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It’s here! The first of April is finally here and that means it is time for the A to Z Challenge! I’m branching out a bit with this topic but Ancestry.com and the research of my family’s history was a great way for me to pass the time when I was too weak and ill to go outside. So I decided it would make for an excellent topic for those of you who might be itching to discover a new hobby this month. Enjoy and as always, I am in no way an expert nor affiliated with Ancestry.com.
When thinking about family history and genealogy, the first website to come to mind will probably be ancestry.com, no? But is it worth the $$ and what is the best process for getting started?
Here below are FIVE tips for successfully using ancestry.com:
#1. What is Free?
If you have access to a public library in the USA, UK, Australia, Canada, New Zealand, Denmark, Ireland and Norway, you might be lucky enough to have access to their “Ancestry Institution” for FREE. You’ll have to be on site at the library but it will allow you to:
- Access a vast collection of U.S. and international documents online
- View images of original documents enhance research and critical thinking
- Read narratives, oral histories, indexes and abstracts to other resources
- Search over 30,000 Ancestry.com record collections and 11 billion records with a click of a button
#2. Should I Accept Hints?
If you have started a family tree on Ancestry, you’ll likely see a green leaf pop up on many of your ancestors’ names with hints. But are they accurate? Should they be heeded? I have seen that many hints are accurate and point to my ancestor. However, often enough there will be incorrect hints that if accepted will take your family tree on a wild ride requiring you to go back and do a lot of deleting and editing.
My 3 hints when it comes to HINTS are –
- Don’t accept any parent hints unless you already have proof your ancestors are connected to this individual. By accepting a wrong parent hint, you will put yourself far back and cause big mess-ups on your tree.
- If you are likely to click “accept” without doing the due diligence of research, I’d highly recommend turning off hints all together by deselecting “Receive hint notifications“.
- I’d personally recommend NOT using “Ancestry Member Tree Hints” NOR using “Sons/Daughters of the American Revolution” applications (that could be faulty too) in your research at the beginning. If one person has wrong data and you innocently accept their data as gospel – you too will have wrong data. It’s best at the beginning to input your own data based on what you know to be 100% truth. If you must use Ancestry Member Tree Hints, try to only use hints that are backed by a source.
#3. Pay for a GLOBAL Membership
Ancestry offers 3 membership levels – U.S., World Explorer, and All Access. The World Explorer is $10 more per month. Even if you are not sure how far back you can trace your family and you live in the United States, you’ll have to agree unless you are 100% native American, we are ALL immigrants. So at one point, your family tree will take you to Europe or Africa or Asia. And to access any of those records you will need access to International records.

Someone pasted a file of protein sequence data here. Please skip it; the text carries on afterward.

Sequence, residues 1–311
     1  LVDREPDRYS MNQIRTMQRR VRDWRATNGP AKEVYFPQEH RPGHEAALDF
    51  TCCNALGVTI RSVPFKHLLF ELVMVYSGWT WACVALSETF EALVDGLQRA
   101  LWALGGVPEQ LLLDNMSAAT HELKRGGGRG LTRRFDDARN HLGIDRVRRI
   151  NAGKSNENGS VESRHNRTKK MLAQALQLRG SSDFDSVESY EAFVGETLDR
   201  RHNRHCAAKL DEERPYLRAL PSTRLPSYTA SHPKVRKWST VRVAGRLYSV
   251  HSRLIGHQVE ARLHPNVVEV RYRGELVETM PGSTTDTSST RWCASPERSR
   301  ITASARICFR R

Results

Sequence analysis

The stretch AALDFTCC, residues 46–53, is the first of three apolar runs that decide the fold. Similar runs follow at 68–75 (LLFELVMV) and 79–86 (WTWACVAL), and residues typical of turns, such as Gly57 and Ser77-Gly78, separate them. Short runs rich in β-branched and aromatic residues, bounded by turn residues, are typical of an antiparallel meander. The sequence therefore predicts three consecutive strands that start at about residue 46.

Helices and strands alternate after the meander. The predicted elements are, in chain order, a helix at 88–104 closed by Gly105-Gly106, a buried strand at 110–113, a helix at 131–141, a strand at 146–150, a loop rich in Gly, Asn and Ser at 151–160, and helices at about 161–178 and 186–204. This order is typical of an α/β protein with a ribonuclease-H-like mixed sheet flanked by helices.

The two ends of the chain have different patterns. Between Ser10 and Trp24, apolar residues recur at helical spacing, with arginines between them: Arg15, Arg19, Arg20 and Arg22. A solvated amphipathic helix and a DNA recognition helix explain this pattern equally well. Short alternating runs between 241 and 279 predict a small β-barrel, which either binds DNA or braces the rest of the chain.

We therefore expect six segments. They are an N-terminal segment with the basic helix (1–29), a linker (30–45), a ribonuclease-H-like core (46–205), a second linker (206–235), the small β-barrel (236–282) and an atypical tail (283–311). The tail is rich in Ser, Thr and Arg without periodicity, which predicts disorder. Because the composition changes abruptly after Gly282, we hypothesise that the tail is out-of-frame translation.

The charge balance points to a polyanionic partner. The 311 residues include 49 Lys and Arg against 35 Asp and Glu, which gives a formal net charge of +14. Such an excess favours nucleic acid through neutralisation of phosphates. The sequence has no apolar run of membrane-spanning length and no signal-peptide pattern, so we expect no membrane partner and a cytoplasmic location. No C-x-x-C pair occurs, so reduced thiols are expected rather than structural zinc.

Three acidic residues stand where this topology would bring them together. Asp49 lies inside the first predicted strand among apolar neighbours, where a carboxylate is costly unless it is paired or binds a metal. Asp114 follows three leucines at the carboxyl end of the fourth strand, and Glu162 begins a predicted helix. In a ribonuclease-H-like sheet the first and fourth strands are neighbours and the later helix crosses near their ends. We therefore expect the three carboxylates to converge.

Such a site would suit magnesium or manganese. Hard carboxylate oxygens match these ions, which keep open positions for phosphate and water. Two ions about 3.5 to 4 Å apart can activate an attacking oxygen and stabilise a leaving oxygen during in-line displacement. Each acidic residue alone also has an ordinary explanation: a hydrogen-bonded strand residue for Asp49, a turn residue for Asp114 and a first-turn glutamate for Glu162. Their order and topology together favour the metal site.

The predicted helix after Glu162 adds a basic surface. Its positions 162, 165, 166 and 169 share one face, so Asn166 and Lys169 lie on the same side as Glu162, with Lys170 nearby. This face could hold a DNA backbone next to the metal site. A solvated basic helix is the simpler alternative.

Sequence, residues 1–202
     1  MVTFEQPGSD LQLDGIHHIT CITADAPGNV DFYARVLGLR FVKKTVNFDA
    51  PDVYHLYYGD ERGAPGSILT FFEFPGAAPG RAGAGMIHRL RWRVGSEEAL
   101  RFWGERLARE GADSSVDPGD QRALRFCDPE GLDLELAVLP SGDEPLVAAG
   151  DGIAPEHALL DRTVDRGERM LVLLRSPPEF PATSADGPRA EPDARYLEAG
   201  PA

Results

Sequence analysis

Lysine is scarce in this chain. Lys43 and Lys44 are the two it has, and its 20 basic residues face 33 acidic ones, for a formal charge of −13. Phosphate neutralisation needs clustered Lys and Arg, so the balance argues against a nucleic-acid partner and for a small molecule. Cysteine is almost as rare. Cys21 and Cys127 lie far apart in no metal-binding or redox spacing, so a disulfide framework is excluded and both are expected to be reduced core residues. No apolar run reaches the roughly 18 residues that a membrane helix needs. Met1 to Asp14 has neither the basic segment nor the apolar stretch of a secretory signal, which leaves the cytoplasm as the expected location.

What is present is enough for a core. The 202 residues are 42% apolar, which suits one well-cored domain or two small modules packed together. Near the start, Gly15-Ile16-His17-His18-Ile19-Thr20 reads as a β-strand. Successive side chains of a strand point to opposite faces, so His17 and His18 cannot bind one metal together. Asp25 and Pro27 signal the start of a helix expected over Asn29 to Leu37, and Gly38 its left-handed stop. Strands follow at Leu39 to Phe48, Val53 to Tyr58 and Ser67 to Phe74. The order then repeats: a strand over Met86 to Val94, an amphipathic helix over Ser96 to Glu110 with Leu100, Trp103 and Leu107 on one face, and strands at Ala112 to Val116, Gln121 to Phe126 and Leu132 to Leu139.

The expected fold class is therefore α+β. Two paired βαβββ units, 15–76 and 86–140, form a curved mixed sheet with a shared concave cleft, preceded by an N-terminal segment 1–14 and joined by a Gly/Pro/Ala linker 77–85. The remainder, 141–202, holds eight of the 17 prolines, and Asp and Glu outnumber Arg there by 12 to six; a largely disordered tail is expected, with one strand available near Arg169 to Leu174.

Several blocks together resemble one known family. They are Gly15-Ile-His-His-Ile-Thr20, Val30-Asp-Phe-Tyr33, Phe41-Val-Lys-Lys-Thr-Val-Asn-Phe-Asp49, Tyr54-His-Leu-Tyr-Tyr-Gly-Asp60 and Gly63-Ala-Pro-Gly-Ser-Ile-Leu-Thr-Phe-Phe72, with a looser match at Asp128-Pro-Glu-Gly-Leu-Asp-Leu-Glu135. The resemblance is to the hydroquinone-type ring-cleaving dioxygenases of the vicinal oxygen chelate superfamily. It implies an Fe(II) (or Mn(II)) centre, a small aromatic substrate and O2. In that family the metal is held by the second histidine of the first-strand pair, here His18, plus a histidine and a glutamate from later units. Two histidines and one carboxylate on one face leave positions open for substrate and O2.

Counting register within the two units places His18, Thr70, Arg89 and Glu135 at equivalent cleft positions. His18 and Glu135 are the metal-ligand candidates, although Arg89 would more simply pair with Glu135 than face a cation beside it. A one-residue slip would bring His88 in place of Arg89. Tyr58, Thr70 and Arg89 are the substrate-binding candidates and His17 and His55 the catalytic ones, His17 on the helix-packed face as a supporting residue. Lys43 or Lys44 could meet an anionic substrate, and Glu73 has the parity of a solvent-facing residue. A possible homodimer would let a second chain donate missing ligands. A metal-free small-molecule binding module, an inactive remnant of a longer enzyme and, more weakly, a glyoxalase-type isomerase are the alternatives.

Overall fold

So if you are a sincere researcher, I highly recommend a GLOBAL membership.
The third level – All Access – offers two additional memberships for Fold3.com and Newspapers.com (basic).
Fold3 provides military records although I could never find my Grandfathers’ records from World War II and the Korean War nor my dad’s records from Vietnam.
Newspapers.com provides American newspaper records from the 1700s to the 2000s. I have had luck finding obituaries for family members in large metropolitan cities such as Portland, Oregon. However, records for smaller communities such as Cobleskill, New York, were not to be found. But more on that when I share about “NYS Historical Newspapers” (N).
#4. Make Use of the Message Boards
One of the best resources on Ancestry — their message boards. Here you can ask questions of the community based on surnames and cities. You can look for relatives, ask for sources and recommendations. The resources on the message boards are endless.
#5. SAVE Your Findings Offline
After finding records, what do you do with those records? I highly recommend buying an external hard drive and using it to save your family records. By uploading to your hard drive – family photos, a copy of your family tree (able to download from ancestry.com), newspaper clippings, spreadsheets of links, census records, and more can be downloaded and saved off the website’s server.
It’s highly unlikely the server will fail us but you never know! So take the time and organize your files so you can easily access them when doing research and also when showing off your findings to aunts and uncles.
So are you excited about joining me on my A to Z Challenge through Family History? I’d highly recommend trying a 14 day FREE trial of Ancestry (but be sure to mark the 13th day on your calendar so you have the option of cancelling your membership if it doesn’t fit your needs) and downloading the Ancestry app from the Apple App Store.
Please leave in the comments below a name of an ancestor you’re excited to learn more about.